This Handbook covers the tools, tech and tactics needed for marketing properties and showing them at a safe distance when needed.

Virtual tours. 3D tours. Video walkthroughs. It seems the industry hasn’t yet landed on a single, universal term to describe conducting a showing over the internet.

We can apply some blame (in jest, of course) for this lack of consistent vernacular to the technology providers that have made them so easy to create and conduct. Market demand have pushed vendors to innovate and develop slick and super-simple solutions for showing property from a safe distance. And for this, the industry is grateful.

Maybe it doesn’t matter that we don’t have a single term (don’t let RESO hear that) for this ever-evolving method for showing property, as long as it continues to help agents sell clients’ properties.

What we do need, however, is a clear breakdown of the what and how that’s defining this ever-evolving new world of property tours.

Here’s the Inman Handbook on creating online home tours. It covers the tools, tech and tactics needed for marketing properties and showing them at a safe distance.

Table of Contents

Tour types

Recorded video tours existed in real estate long before Matterport came to be. But they were mostly stilted, pieced-together slide shows of low-resolution interior photos. Tedious and typically bypassed for better quality still photography.

Then, like Eastman Kodak with its Box Brownie, Matterport showed everyone what was really possible when it unveiled its revolutionary 360-degree, user point-of-view home scans. It established the baseline for immersive, online property showings.

Suddenly, we were in a home, panning across rooms, riding proverbial dollies down hallways and looking up at foyer chandeliers.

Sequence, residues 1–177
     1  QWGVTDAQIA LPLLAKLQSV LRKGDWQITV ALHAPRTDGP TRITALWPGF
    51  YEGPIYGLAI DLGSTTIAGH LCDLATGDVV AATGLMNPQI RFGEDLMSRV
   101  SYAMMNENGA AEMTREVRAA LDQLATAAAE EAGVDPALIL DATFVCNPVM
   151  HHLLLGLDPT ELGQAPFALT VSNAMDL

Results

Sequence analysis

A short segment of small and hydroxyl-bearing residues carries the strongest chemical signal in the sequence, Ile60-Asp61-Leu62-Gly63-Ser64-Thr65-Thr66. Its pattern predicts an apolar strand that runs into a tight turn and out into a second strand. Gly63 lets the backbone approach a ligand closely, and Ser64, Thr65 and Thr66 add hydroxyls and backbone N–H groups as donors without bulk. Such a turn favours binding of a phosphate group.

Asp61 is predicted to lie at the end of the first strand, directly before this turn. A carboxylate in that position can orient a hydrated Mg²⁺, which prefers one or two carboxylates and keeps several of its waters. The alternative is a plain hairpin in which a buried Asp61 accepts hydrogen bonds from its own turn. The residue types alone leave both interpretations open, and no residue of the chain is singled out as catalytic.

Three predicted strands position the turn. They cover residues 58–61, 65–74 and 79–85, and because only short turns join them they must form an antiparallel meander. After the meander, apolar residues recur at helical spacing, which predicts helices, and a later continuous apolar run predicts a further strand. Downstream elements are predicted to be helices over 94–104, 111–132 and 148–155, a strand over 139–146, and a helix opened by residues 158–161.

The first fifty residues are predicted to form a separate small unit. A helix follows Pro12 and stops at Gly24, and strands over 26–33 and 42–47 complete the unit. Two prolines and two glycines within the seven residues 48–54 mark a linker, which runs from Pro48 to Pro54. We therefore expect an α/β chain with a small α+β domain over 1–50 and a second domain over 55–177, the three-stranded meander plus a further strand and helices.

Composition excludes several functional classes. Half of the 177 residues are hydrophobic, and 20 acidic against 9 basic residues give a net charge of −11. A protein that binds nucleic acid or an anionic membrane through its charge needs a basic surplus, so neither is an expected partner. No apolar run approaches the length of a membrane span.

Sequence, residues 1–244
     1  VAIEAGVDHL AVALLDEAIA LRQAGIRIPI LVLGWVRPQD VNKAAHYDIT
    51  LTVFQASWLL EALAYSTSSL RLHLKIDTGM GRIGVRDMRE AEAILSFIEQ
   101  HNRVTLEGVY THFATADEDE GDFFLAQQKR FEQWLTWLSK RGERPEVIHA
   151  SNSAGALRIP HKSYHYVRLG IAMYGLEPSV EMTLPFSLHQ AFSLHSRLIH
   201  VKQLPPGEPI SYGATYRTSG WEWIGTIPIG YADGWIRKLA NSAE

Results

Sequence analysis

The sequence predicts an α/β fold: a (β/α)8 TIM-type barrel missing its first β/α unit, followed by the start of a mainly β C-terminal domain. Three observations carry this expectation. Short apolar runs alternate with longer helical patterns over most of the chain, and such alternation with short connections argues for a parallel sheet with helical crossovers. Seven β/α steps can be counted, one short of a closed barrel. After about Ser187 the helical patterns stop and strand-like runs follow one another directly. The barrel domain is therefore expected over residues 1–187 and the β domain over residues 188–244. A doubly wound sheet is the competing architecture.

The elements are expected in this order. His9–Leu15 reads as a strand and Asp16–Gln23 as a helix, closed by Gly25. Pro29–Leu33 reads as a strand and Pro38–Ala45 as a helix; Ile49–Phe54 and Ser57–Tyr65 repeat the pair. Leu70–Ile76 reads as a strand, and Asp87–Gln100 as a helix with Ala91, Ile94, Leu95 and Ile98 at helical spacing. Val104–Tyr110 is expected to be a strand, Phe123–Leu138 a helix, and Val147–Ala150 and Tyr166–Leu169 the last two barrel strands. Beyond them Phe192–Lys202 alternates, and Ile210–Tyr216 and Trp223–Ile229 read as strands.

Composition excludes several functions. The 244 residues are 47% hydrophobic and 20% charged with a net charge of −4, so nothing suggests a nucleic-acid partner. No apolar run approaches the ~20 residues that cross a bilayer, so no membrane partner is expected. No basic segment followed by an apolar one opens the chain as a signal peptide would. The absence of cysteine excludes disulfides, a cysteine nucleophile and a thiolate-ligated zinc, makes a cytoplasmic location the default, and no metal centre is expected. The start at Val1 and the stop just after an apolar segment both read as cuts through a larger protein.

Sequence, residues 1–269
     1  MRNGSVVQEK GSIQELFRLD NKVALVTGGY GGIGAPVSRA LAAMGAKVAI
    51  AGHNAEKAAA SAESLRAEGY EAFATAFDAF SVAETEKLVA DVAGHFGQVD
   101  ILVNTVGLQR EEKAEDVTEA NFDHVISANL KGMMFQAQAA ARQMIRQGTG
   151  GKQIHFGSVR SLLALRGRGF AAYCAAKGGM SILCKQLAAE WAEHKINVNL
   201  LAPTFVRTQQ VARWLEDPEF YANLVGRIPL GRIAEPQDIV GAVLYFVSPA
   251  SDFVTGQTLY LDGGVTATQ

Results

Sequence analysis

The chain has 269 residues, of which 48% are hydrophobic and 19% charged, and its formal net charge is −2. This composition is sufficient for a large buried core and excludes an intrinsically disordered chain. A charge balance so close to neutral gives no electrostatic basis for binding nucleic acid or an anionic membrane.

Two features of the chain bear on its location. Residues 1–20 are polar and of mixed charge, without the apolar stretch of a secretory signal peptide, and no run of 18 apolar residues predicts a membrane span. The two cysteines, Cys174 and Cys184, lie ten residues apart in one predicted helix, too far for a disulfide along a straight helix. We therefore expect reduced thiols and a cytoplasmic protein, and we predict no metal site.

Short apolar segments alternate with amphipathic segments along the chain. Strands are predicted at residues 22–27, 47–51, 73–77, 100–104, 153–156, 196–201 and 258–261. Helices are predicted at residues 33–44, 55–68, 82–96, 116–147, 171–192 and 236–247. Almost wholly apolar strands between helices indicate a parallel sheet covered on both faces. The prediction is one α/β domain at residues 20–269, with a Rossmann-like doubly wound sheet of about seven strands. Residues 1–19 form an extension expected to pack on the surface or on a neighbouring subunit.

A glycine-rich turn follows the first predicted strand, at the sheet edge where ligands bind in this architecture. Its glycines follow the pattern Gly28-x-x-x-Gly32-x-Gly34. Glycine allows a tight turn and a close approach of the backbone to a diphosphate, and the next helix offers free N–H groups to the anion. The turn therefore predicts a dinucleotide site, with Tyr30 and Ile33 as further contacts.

It’s hard to argue against Matterport being the “Xerox” of online property tours. Because of what it made mainstream, we now have a wide array of competitive formats for agents to leverage when marketing properties.

First-person immersive tours

Like so many video games these days, and perhaps the most natural way to view a listing online, these tours run from the perspective and under the control of the buyer — the person in front of the monitor.

These are tours created by a camera with the ability to capture 360-degrees around the person (or very close to it). Highlighted icons of multiple appearances can be selected to “teleport” into new rooms to gain another perspective.

Cameras are physically moved from one room or area to the next to capture each viewpoint. House design usually dictates how many perspectives (or shots) the listing agent will need to adequately create the tour.

Users can often jump from one floor to the next, see room dimensions or zoom out into a three-dimensional “dollhouse” view of the entire property.

Some of these tours can be enhanced (according to vendor) with in-tour links to nearby retail amenities, maps, school ratings or exterior views.

Augmented reality tours

Also first-person, augmented reality tours include interactive icons that will display information about the home, from types of countertop and backsplash finishes to a summarized history of a room renovation. They can also be monetized when staged professionally by identifying the furniture brand and a retail partner.

This tour type usually requires more input from the vendor, therefore, sometimes it takes longer to create.

Hosted and non-hosted video tours

This format tells the story of a home, similar to a news story. This is more video marketing than home tour.

Typically introduced and hosted by the listing agent and filmed and edited by a professional third-party vendor, these tours are often highly produced, with bottom-third graphics and text, transitions, music, and voice-over narration.